Yesterday was the big election day for Pune. Throughout this entire month different areas of India have been voting for the new prime minister. Thursday was Pune’s day. When Dada was taking me to the clinic we saw many small voting tables set up on the sides of the road. Mrs. Dabak explained at breakfast that most of India is ready for a major change with this new PM. They will find out the results of the polling sometime in May.
In other news, I switched over to one of the pediatric clinics in downtown Pune yesterday. The minute I walked into the building I felt at home… there were paintings of jungle animals and pictures of “off label” Disney characters hanging on the walls 🙂 The pediatrician rushed in a little while after I got there and came immediately up to me, shook my hand, and said “Hallo! My name is Dr. Godoble. It is good to have you here. What is your name?” I was comforted by his friendliness and hi easily understandable English. He had so much energy and was a pleasure to be around. He would talk with his patients in Marathi half of the time and in English for the other half, so I was able to understand a little more about what was going on.
At about 12:30 we took the daily chai break, which I am seriously considering implementing when I get back to the States! Dr. Godoble saw about 40 patients in the morning before stopping for a lunch break around 2:30. I sat and ate my chapati and veggie concoction with the doctor and his wife while discuss some questions I had about practicing pediatrics in India. Here are a few questions I asked him and the answers he gave me:
What are some of the most common diseases or conditions kids come in to see you for?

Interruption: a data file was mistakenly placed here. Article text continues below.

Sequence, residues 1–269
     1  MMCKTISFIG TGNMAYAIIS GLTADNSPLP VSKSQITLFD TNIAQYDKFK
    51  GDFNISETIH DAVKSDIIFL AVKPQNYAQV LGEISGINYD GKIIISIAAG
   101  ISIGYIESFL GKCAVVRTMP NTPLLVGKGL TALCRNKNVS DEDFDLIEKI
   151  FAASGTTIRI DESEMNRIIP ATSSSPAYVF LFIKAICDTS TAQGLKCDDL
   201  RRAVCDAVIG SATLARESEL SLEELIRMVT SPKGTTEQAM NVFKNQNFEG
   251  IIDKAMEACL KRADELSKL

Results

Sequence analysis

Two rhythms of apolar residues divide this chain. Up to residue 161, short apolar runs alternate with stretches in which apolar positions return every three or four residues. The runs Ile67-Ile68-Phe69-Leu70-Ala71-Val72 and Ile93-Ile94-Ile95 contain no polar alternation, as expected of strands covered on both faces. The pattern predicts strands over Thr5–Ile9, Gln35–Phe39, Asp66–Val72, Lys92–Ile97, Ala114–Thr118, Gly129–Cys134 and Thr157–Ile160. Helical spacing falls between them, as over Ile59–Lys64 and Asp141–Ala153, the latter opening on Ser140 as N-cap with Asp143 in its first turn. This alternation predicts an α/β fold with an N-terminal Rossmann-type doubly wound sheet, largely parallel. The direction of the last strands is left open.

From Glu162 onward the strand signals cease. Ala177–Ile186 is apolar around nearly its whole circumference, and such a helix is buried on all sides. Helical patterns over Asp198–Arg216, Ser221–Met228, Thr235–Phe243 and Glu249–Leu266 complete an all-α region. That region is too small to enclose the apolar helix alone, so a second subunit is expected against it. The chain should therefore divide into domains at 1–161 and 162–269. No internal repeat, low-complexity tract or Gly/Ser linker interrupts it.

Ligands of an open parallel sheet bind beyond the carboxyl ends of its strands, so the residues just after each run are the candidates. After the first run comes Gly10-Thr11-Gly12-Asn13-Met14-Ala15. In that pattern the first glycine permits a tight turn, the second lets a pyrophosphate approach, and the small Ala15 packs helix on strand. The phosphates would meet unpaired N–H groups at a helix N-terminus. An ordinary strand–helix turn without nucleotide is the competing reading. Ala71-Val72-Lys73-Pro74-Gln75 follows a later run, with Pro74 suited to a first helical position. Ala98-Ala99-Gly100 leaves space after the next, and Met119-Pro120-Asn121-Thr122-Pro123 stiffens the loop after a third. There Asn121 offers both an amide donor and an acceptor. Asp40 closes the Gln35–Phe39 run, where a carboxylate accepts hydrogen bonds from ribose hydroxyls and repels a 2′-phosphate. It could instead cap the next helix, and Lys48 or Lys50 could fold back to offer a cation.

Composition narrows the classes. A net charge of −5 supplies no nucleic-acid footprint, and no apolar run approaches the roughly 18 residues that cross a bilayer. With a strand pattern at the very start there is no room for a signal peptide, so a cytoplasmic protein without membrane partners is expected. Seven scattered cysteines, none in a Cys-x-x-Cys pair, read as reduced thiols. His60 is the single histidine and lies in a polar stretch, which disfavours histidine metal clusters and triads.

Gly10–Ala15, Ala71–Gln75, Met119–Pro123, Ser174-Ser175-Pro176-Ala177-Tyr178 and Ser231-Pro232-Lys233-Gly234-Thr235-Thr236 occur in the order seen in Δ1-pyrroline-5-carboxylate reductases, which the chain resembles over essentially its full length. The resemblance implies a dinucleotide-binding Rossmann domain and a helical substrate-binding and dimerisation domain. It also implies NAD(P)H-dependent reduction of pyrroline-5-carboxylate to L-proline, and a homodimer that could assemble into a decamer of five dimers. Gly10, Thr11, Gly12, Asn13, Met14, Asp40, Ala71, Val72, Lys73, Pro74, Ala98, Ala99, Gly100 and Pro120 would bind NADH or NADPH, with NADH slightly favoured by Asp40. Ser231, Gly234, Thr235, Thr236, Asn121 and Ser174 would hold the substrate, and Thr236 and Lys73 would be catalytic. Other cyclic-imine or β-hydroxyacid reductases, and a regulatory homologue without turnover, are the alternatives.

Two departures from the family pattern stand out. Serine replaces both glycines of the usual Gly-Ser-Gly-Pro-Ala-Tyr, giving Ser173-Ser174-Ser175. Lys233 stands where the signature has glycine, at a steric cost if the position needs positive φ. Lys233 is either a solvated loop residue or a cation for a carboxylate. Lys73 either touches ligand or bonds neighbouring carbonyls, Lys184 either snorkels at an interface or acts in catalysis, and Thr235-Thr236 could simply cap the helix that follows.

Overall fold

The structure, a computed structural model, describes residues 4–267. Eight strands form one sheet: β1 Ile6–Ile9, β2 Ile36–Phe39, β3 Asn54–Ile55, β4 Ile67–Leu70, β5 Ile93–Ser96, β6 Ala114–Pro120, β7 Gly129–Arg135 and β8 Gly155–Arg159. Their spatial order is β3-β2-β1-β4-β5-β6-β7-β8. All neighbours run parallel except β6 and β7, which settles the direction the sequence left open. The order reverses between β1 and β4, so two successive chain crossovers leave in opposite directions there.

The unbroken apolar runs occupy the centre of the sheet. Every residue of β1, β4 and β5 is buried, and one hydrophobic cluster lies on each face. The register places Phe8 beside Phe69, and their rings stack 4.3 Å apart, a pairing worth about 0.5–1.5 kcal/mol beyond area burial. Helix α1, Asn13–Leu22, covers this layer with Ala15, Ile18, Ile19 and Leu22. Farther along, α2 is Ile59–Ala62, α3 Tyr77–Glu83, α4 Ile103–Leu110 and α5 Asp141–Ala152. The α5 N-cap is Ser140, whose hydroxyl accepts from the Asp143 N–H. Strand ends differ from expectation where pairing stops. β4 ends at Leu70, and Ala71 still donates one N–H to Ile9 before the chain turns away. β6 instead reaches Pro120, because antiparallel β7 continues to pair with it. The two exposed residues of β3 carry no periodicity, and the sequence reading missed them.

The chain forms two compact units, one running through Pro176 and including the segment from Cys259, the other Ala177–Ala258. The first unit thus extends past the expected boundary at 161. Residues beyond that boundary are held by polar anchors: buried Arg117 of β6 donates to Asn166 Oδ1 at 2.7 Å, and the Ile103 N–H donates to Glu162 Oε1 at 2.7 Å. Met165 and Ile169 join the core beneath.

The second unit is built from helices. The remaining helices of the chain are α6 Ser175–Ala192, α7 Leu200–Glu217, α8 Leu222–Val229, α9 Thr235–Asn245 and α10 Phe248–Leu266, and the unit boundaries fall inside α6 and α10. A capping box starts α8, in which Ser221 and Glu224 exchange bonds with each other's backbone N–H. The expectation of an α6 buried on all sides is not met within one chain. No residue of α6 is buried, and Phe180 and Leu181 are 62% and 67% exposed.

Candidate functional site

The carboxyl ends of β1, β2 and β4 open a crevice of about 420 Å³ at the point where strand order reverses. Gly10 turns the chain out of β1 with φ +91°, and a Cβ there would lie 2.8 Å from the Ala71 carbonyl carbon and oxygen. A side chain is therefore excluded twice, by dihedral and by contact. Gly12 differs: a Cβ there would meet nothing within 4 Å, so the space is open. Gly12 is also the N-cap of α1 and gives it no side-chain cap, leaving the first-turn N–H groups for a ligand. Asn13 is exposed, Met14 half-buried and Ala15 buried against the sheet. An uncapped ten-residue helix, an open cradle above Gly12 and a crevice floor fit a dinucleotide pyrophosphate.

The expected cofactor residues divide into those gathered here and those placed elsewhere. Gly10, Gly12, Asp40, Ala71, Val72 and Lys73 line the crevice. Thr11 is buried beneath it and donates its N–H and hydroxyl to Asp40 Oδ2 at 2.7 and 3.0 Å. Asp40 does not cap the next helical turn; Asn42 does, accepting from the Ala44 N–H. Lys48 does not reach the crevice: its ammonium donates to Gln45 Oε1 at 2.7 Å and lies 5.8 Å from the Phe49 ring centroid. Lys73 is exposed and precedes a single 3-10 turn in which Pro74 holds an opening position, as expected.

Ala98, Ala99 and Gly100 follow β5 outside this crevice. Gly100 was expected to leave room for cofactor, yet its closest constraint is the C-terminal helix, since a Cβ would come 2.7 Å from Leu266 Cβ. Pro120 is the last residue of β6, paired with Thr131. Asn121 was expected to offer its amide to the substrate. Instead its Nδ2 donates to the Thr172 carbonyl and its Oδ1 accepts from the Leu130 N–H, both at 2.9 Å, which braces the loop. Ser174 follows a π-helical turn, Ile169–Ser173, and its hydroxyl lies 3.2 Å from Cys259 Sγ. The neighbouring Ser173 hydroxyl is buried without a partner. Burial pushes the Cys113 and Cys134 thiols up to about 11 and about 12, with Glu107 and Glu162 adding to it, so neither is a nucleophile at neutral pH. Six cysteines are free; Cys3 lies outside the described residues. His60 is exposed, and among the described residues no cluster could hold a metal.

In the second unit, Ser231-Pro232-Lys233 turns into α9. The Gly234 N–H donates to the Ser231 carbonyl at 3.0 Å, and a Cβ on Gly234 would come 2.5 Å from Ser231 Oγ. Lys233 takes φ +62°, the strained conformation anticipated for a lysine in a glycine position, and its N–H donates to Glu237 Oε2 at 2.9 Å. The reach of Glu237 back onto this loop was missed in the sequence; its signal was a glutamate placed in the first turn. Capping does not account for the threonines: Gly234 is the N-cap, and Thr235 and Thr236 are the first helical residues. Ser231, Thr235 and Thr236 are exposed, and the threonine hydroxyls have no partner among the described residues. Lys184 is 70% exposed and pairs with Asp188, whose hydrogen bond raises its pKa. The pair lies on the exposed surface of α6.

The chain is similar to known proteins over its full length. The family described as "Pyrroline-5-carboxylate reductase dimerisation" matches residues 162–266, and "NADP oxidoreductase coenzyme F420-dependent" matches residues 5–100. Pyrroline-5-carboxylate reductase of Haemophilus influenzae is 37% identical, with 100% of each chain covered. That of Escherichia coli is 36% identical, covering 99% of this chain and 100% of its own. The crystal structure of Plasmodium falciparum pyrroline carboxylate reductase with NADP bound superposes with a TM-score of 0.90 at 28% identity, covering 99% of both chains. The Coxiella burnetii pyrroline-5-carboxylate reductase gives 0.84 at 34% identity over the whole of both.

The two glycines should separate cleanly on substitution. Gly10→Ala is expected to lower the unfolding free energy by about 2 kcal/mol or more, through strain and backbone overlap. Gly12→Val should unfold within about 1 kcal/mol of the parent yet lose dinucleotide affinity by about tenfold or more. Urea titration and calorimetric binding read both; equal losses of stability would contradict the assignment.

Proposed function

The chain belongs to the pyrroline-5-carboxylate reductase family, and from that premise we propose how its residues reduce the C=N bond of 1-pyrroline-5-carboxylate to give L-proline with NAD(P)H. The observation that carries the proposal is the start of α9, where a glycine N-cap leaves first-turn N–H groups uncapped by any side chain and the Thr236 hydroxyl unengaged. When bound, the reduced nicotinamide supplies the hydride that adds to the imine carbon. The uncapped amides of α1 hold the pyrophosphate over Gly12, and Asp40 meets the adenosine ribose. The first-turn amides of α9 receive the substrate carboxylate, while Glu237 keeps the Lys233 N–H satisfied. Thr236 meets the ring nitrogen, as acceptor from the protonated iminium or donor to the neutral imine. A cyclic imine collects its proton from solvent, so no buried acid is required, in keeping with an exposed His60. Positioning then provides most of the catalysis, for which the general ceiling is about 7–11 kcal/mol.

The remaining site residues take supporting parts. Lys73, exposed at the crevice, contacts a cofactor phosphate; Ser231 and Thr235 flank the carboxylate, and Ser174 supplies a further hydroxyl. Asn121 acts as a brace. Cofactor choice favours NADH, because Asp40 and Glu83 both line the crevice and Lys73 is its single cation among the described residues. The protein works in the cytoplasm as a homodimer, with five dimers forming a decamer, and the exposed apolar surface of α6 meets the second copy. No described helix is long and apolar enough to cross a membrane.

-Infectious diseases, especially diarrhea (E. Coli) and upper respiratory tract infections.
Do most children receive the complete recommended course of vaccines?
-In the city where there is better access to medical care, most children receive all of their vaccinations. Some families choose only to have the ones that are covered by the government, but not many people refuse them completely.
Is there access to quality medical care in rural areas?
-No. There are government funded hospitals, but the quality of care in these facilities are not the same as in private hospitals. Because there is poor compensation for physicians in rural areas, many people do not practice there. There is even a shortage of physicians within the city, so less and less people are choosing to work in the rural areas.
Not only was this lunch discussion interesting and beneficial, but I also had a great time seeing all of the kiddos throughout the day. The physician counseled his patients on proper dietary habits, which I loved hearing. The theme was familiar…more fruits, veggies, and exercise.
The most memorable patient was a little 3 month old boy whom we saw immediately after our chai break. When I walked into the small exam room there were already about 8 people packed in there. I was making my way around a few family members to stand closer to the physician so that I could hear and see better when all of the sudden I felt something cold and wet hit my arm and leg. I looked up and saw a steady stream of pee coming from the diaperless child held by his mother. By the time I realized what had just happened I was successfully christened by this little one and had to exit the crowd to wash off. When the family left after the exam the baby’s mom looked over to apologize, but I tried to motion for her not to worry… When a kid’s gotta go, he’s gotta go 😉
Hopefully I’ll have some more fun stories for you all tomorrow. Miss you all!!